I’ve wanted to talk about this for a long while and I just couldn’t do it. I couldn’t make my fingers or my brain do the work and didn’t want to admit to everyone that I had failed. But… I’m formula feeding Paityn. (With a little side of nursing a few times a day.) I hate it and I wish it were different but it’s not.
She started on formula right off the bat, something I didn’t plan on, but her blood sugar was low and as a tiny, early baby she needed to eat. I was fine with it and a little formula was the last thing on my list of worries when having a baby 4-5 weeks early. I started to nurse her and pump in between and soon the milk started flowing. So did the spit up.
I was creating my milk stash and patting myself on the back for all the future bottles I was making. Then it started to become obvious that something was not settling with her and I thought we were headed down the milk protein allergy road like we had with Brady. We made our way through the list of possibilities and finally settled on lactose intolerance. Preemie babies have a temporary intolerance many times because they don’t produce the enzyme that breaks it down.
That meant the only way to get breast milk was through a bottle with lacTASE (not lacTOSE) added. That requires pre-pumping the milk, warming, then letting the drops sit in the milk for 30 minutes. And it’s not so easy to guess half an hour out when your baby will want to eat. The timing was awful and pumping was awful. Within a few days my milk was starting to dry and the ratio between breast milk bottles and formula bottles was starting to pull in the other direction.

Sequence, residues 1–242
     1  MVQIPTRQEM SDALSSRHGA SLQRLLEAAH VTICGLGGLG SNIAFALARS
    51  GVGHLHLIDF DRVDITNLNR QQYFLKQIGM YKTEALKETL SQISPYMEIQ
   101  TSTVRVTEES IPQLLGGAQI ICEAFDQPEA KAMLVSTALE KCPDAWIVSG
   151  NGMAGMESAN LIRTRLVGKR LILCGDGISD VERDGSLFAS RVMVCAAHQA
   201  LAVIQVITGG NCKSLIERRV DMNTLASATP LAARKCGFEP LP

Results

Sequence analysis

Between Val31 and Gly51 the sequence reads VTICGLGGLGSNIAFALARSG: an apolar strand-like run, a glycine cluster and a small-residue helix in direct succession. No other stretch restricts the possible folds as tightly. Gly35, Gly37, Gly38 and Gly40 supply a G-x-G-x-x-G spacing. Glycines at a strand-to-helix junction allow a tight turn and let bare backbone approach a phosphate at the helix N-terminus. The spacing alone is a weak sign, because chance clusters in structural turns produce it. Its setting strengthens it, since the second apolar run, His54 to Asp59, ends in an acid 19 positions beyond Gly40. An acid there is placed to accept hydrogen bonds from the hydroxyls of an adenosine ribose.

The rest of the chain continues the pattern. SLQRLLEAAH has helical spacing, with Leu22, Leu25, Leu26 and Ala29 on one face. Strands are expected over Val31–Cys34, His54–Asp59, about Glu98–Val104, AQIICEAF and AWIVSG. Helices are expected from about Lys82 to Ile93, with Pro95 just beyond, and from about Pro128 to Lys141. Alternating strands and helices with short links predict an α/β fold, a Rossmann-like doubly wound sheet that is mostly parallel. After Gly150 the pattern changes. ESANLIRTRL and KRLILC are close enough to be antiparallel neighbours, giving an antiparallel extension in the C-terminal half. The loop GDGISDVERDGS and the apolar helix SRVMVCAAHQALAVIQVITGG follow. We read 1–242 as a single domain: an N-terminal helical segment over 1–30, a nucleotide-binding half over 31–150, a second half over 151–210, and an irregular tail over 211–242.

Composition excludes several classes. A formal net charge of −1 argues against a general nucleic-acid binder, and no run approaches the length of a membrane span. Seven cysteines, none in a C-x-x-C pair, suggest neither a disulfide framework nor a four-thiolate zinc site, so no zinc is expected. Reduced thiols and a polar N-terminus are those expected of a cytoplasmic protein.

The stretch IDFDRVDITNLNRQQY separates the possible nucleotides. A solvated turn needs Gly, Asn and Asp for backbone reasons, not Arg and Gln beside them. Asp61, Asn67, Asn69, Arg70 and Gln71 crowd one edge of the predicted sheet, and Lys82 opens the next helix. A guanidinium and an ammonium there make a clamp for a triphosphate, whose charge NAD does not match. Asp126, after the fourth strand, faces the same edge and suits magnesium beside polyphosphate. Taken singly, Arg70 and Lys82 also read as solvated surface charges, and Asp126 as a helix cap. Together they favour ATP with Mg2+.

I’ve beat myself up about this until I can’t go any further. And the funny thing is, that I would never want anyone else to feel that way. I would tell them it’s ok, that they tried, and that their babies are plenty healthy without it.
Brady was on my boob constantly, I never felt like I had enough to give, he was always unhappy and… hungry? I would not let him have formula for any reason and in hindsight I recognize that my poor babe was starving. Starving because I wouldn’t give in and fill his belly. At four months I let go and began to lightly supplement and looking back at photos you can tell.
I feel embarrassed that I don’t breastfeed Paityn. I feel like I’m doing something wrong and that I’m doing her a complete disservice. I’ve vented to her pediatrician that I’m worried she won’t be smart and I’m worried she will be overweight. She assures me she will not be.
It’s good to advocate for breast feeding, it truly is wonderful for baby, but all the pushing and statistic preaching also makes the ones of us that can’t, feel terrible. Like a bad mother and we’re not. You are not.
I’m learning to let go and spend the time that I can nurse Paityn being happy that I’m still able to do it here and there. I’ll keep nursing her on lunch breaks and in the middle of the night until I’ve run completely dry. And whenever that time comes I will try my best to be proud of my healthy, chunky girl and give myself a high-five.
Sher Bailey is a writer in the Midwest who believes the power of humor, Mod Podge, and grandkids can fix most problems in life. You can find her at SherBailey.com.